6 Signs You Might Need a Gastroenterologist
Gastroenterologists treat everything in your body that relates to digestion, absorbing nutrients, and removing waste from your body. This includes obvious organs like your stomach and intestines, but it also includes not-so-obvious sections of the digestive tract, like your esophagus, liver, pancreas, gallbladder, bile ducts, rectum, and anus.
Most people have a primary care physician (PCP) who they consider their “main doctor.” If your issue is serious or if your PCP’s treatment options aren’t giving you relief, he or she may refer you to a specialist for in-depth treatment. Many medical insurance plans require a referral from your PCP before you make an appointment with a specialist, so call the number on the back of your insurance card to see if you need a referral first.
And, in case your primary care doctor is not making the connection, below are six signs you might need to see a gastroenterologist:
You’re 45 Years of Age or Older
Colorectal cancer is the 3rd largest cause of cancer-related deaths in the United States, even though a colonoscopy (the gold standard for colon cancer screening) is the ONLY cancer screening method that can both detect and prevent cancer. The American Cancer Society just lowered the recommended age to begin colon cancer screening from 50 down to 45. If you have colorectal cancer in your family or have higher-than-normal risk factors for colorectal cancer, speak to your primary care physician about when you should begin colon cancer screenings.
Swallowing Is Becoming Difficult or Painful
If you regularly experience difficulty or pain when swallowing or if you feel like food is “stuck” in your throat or chest, you should see a gastroenterologist. You could be suffering from dysphagia, especially if you’re also experiencing hoarseness, hiccupping, coughing, or feeling full after only a few bites of your meal. Untreated dysphagia can lead to malnutrition, dehydration, choking, and even aspiration pneumonia.
You’ve Experienced a Change in Bowel Habits
No one likes to talk about their bowel movements, but changes could indicate a problem. Constipation, diarrhea, bloating/gas, narrowing of stools, or changes in the frequency or consistency of bowel movements are all symptoms that can help your gastroenterologist figure out if there’s a problem in your digestive tract.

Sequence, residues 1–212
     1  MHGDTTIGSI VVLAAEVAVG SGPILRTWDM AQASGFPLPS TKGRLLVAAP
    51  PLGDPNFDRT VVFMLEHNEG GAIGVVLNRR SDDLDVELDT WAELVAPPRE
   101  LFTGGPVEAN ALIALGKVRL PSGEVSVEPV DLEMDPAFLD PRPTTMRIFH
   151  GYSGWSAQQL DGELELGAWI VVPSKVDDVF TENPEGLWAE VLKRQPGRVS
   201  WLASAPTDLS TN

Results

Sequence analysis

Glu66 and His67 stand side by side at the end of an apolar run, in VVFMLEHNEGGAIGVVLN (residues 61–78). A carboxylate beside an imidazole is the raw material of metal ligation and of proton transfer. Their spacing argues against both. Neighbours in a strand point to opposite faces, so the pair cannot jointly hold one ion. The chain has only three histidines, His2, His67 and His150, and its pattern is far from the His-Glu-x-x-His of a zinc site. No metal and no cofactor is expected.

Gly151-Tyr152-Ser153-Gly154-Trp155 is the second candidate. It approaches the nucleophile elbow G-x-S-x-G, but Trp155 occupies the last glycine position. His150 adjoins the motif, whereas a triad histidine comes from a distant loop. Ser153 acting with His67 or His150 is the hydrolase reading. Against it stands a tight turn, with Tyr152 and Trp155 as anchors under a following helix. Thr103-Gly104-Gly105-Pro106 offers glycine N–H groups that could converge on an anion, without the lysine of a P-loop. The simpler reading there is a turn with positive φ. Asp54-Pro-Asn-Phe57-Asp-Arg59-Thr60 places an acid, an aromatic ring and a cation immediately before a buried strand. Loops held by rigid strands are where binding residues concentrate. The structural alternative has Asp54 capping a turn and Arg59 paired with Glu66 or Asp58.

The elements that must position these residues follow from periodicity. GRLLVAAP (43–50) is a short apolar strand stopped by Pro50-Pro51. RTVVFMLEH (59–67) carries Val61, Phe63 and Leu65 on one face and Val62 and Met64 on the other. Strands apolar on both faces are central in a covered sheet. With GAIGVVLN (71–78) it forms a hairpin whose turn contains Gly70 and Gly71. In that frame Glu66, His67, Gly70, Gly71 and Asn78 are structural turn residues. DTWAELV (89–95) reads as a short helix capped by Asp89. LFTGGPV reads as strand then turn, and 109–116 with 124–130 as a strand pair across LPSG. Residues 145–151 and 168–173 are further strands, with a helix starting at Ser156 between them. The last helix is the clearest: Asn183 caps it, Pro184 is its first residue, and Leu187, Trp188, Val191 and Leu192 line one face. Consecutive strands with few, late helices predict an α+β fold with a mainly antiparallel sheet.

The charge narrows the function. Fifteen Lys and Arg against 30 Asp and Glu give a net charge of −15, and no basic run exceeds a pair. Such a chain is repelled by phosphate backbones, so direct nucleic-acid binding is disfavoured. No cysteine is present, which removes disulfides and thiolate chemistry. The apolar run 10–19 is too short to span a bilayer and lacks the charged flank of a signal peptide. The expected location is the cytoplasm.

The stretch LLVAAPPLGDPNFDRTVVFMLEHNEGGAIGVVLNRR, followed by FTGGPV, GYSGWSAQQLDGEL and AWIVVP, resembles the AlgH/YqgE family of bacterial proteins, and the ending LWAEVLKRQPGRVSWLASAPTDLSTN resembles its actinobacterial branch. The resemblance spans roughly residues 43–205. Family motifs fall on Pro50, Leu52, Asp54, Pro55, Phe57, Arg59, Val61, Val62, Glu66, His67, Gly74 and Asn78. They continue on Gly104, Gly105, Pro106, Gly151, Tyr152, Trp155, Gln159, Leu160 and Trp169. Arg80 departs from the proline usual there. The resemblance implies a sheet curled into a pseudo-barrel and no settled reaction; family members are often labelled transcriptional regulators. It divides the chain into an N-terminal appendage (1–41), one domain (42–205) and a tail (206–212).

You Have Persistent Heartburn or GERD
Heartburn is caused by stomach acid backing up into your esophagus. Occasional heartburn isn’t typically a sign of alarm, but if you notice heartburn more than twice a week, you might have Gastroesophageal Reflux Disease (GERD).
You Have Nagging Stomach Pain
When you experience pain, your body is usually trying to tell you that something is wrong. Abdominal pain could be a symptom of several GI issues, so when you see a gastroenterologist, be sure to describe exactly how it feels. Is the pain sharp, dull, stabbing, and/or radiating? They will also want to know exactly where the pain is and how long and how often you have been experiencing it. Are your symptoms occurring every time you eat for the past 2 weeks, about once a day over the past month at seemingly random times, when you lay down at bedtime for the last 10 days?
There’s Blood in Your Stool
Bleeding is not normal. If you see blood in the toilet or on the toilet paper, or if you have unusually dark, tarry stools, it’s definitely time to see a gastroenterologist. The most common cause of bleeding is hemorrhoids, which are easy to treat, but the bleeding could also indicate serious problems.
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